Photo: Joe C. Hopkins Esq.
WRITTEN BY SOLOMON O. SMITH | CALIFORNIA BLACK MEDIA
Last week, the Pasadena community lost a towering symbol of leadership and courage, Joe C. Hopkins. A lawyer, activist, publisher, husband and father, Hopkins passed away on Oct. 31 after decades of dedicated service to the community.
Hopkins was a prominent presence in “Dena,” the local nickname for the Pasadena/Altadena area. A resident for over 40 years, Hopkins, and his wife Ruthie, are deeply embedded in their local community, establishing meaningful relationships with people from diverse backgrounds. Their influence extended beyond Pasadena, inspiring and shaping California’s Black political and social circles in numerous ways.
Hopkins was born in Altus, Oklahoma. He relocated to California in 1967, settling in Altadena in 1969. He earned his Juris Doctorate from Glendale University College of Law and in 1982 he began his legal practice which he later moved to Pasadena in 1986.
Hopkins was a man of conviction who fearlessly defended what he believed in. It was his strength of character and clarity of perspective that made him an effective leader.
Hopkins once held the position of president of the West Coast Black Publishers Association and was the president emeritus of the San Gabriel Valley Black Business Association. He founded the Pasadena/Altadena Black Lawyers Association and headed the Pasadena Black Expo from 1990-1992. He started the Pasadena/Altadena Journal, the first and only Black publication in “the Valley,” a region located north of Los Angeles that spans several other San Fernando Valley cities, including Burbank, Studio City, Glendale and Sherman Oaks.
Hopkins’ accomplishments have been acknowledged numerous times: He received the Appreciation for Outstanding Contributions in Business from the Altadena NAACP Branch in 1990, the Citizen of the Year Award from Omega Psi Phi Fraternity in 1992 and served as the Community Grand Marshall of the Pasadena Black History Parade in 2000. In 2006, he was awarded a Certificate of Special Congressional Recognition from Congressman Adam B. Schiff (D-CA-30). Additionally, he has been honored with numerous special recognitions from various city, state and national organizations.
In 2018, Hopkins and his wife were honored as civil rights pioneers and “Unsung Heroes” by the California Legislative Black Caucus (CLBC). The award was presented by Assemblymember Chris Holden (D-Pasadena).
In a statement following Hopkins’ passing, Holden said, “My life and the lives of many other people are forever changed by the impact of Joe Hopkins and his wife Ruthie. I will miss Joe’s fearless leadership and unrelenting dedication to community.”
Hopkins’ personal achievements were substantial, and their enduring impact makes his loss deeply felt by the greater Pasadena community.
Sen. Anthony Portantino (D-Burbank) recalls being inspired by Hopkins’ writing in his book, “I will not Apologize,” a collection of his opinion pieces many consider to be the core of his beliefs.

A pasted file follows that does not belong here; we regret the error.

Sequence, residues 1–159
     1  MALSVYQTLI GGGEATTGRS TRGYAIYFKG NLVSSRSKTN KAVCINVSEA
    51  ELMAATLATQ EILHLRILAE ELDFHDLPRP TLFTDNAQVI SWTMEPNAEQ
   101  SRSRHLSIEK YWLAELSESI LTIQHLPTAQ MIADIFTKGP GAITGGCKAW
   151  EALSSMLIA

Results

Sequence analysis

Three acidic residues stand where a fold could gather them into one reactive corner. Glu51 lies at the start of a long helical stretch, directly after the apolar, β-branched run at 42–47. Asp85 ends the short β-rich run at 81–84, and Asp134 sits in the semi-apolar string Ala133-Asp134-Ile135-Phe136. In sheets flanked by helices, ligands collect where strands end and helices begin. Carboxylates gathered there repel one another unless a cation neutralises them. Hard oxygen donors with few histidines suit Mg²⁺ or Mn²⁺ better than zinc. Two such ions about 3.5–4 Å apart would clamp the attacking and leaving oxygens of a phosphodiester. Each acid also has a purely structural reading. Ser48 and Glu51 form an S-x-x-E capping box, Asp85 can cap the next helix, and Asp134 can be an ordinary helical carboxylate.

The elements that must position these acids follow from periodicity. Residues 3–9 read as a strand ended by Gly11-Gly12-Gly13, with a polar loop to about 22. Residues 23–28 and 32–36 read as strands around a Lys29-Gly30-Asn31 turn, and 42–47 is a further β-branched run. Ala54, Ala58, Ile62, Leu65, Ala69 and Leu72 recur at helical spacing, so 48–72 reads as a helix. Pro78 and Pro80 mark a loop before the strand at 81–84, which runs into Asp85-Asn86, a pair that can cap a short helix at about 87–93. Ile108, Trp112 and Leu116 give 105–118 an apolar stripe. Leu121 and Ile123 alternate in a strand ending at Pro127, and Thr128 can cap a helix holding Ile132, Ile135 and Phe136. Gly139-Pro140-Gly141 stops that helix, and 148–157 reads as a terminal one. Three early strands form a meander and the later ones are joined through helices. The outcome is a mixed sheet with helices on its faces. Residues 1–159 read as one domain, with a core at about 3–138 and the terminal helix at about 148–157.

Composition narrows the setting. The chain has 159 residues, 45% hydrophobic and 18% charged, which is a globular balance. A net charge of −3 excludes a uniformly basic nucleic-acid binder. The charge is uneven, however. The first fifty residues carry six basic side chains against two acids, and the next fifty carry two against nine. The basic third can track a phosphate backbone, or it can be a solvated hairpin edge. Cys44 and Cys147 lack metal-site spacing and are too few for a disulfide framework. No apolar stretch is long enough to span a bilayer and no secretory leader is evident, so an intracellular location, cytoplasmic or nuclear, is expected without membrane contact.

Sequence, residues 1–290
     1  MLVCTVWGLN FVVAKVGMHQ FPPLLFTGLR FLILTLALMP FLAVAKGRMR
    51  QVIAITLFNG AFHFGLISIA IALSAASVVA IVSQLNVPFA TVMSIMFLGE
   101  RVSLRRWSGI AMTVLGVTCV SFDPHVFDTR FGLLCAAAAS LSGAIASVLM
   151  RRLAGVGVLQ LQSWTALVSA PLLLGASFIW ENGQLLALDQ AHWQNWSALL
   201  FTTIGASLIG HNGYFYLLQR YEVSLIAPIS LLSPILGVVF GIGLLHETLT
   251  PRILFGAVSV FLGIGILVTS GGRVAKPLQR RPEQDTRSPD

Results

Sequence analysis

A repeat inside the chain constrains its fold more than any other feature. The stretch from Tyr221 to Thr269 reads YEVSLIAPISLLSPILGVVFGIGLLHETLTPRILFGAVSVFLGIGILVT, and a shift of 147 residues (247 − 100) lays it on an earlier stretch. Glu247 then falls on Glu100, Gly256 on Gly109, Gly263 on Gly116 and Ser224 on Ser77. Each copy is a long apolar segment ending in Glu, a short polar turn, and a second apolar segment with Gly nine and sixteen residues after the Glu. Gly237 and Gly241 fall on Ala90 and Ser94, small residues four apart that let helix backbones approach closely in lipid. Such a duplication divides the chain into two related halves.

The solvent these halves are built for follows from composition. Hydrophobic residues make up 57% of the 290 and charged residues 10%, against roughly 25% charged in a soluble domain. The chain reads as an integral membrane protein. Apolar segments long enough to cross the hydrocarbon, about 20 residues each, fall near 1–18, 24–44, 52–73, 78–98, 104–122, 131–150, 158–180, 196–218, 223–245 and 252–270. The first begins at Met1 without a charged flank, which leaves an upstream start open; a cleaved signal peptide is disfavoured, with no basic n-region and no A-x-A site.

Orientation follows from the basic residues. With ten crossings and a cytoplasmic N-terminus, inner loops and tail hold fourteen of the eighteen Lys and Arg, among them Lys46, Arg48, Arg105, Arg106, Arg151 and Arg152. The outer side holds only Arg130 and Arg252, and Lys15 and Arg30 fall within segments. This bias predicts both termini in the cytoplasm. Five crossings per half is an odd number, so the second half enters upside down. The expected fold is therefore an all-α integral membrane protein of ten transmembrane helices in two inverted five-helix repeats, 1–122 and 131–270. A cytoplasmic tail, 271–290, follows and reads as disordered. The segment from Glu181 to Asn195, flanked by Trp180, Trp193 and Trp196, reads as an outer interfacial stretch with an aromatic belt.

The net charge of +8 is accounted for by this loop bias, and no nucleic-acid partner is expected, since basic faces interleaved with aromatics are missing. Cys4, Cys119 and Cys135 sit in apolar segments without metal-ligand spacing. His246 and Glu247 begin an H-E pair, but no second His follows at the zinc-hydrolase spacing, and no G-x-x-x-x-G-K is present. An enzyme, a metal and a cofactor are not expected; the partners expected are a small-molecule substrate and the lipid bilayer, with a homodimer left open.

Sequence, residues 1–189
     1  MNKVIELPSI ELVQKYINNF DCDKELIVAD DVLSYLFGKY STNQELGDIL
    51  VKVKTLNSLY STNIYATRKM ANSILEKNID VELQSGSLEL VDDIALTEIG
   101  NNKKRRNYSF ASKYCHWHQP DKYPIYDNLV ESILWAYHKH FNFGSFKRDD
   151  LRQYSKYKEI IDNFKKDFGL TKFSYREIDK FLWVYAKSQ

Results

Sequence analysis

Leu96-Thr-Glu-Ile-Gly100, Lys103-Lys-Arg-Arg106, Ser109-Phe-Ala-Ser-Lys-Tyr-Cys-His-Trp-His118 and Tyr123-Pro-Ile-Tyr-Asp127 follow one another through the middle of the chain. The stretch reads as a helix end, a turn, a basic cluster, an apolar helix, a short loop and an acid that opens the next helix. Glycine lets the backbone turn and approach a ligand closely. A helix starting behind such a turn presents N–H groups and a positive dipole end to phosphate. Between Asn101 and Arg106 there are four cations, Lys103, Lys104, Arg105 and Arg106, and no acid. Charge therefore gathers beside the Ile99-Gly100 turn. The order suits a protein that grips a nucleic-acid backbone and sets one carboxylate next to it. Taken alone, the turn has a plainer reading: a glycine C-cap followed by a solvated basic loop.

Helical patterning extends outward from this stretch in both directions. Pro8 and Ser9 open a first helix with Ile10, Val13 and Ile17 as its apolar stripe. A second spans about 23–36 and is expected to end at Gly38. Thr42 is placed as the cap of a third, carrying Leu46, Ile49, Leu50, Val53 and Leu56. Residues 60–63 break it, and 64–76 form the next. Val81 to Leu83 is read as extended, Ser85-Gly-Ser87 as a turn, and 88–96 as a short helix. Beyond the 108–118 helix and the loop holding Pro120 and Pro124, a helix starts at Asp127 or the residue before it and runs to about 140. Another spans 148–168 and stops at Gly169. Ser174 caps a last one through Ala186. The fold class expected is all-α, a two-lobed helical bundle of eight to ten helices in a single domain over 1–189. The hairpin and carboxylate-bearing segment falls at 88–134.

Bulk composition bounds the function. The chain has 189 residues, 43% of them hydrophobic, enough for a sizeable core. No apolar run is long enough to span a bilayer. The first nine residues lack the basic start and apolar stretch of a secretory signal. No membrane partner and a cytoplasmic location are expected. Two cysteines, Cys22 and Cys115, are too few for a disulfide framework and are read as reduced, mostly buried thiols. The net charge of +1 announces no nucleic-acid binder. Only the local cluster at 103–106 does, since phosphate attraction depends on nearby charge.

After reading his book Portantino had to meet the man behind the “no nonsense” words. Hopkins was not easily impressed and quizzed Portantino about whether he read his book. They bonded over that conversation and their mutual desire to create a bridge between higher education in California and Historically Black Colleges and Universities (HBCUs). Together, they encouraged leaders and educators from UCLA to establish the Summer Institute for Emerging Managers and Leaders in 2012. The program’s purpose is to “increase the diversity of graduate students enrolled in the UC business schools.
The program continues to diversify leadership in California graduate schools.
“We connected on a friendship level and continued to talk policy and as the world changed, we kept talking to each other,” said Portantino. “The community has lost a special person, a great dad and a tremendous leader.”
Condolences have been extended to the family from the mayor of Pasadena, Victor Gordo, and other community leaders offering comfort during their time of bereavement.
Hopkins’ son, Yusef Olaitan-Hopkins, remembers his father as more than a political leader, entrepreneur or civil rights leader. He cherishes intimate memories of his father as a caring parent, selflessly dedicated to his family and community. According to Olaitan-Hopkins, the family is overwhelmed by the community’s expression of sympathy.
Hopkins, according to his son, was always ready to defend others with his knowledge of the law, leadership or his presence.
“One of the things my dad used to say was ‘find a good fight and get into it’,” said Yusef. “He was going to do this on his own terms.”
Hopkins’ legacy extends beyond the publications, books, and organizations he started and led. It endures through the loving family he leaves behind, including his granddaughter Ife Olaitan, a social worker, therapist and the mother of his only great-grandchild. For Olaitan it was a privilege to grow up knowing her grandfather and having him get to know his great-granddaughter. She recalls how her grandparents inspired her to follow her own path and do “what’s right,” something she is passing down to her child.
“He was always on the side of fighting for what was right and what was just,” said Olaitan. “He was a man with a stance, and he loved a good fight.”
Hopkins is survived by his wife Ruthie, three sons: Yusef, Omar, and Jamal, as well as seven grandchildren and one great-grandchild.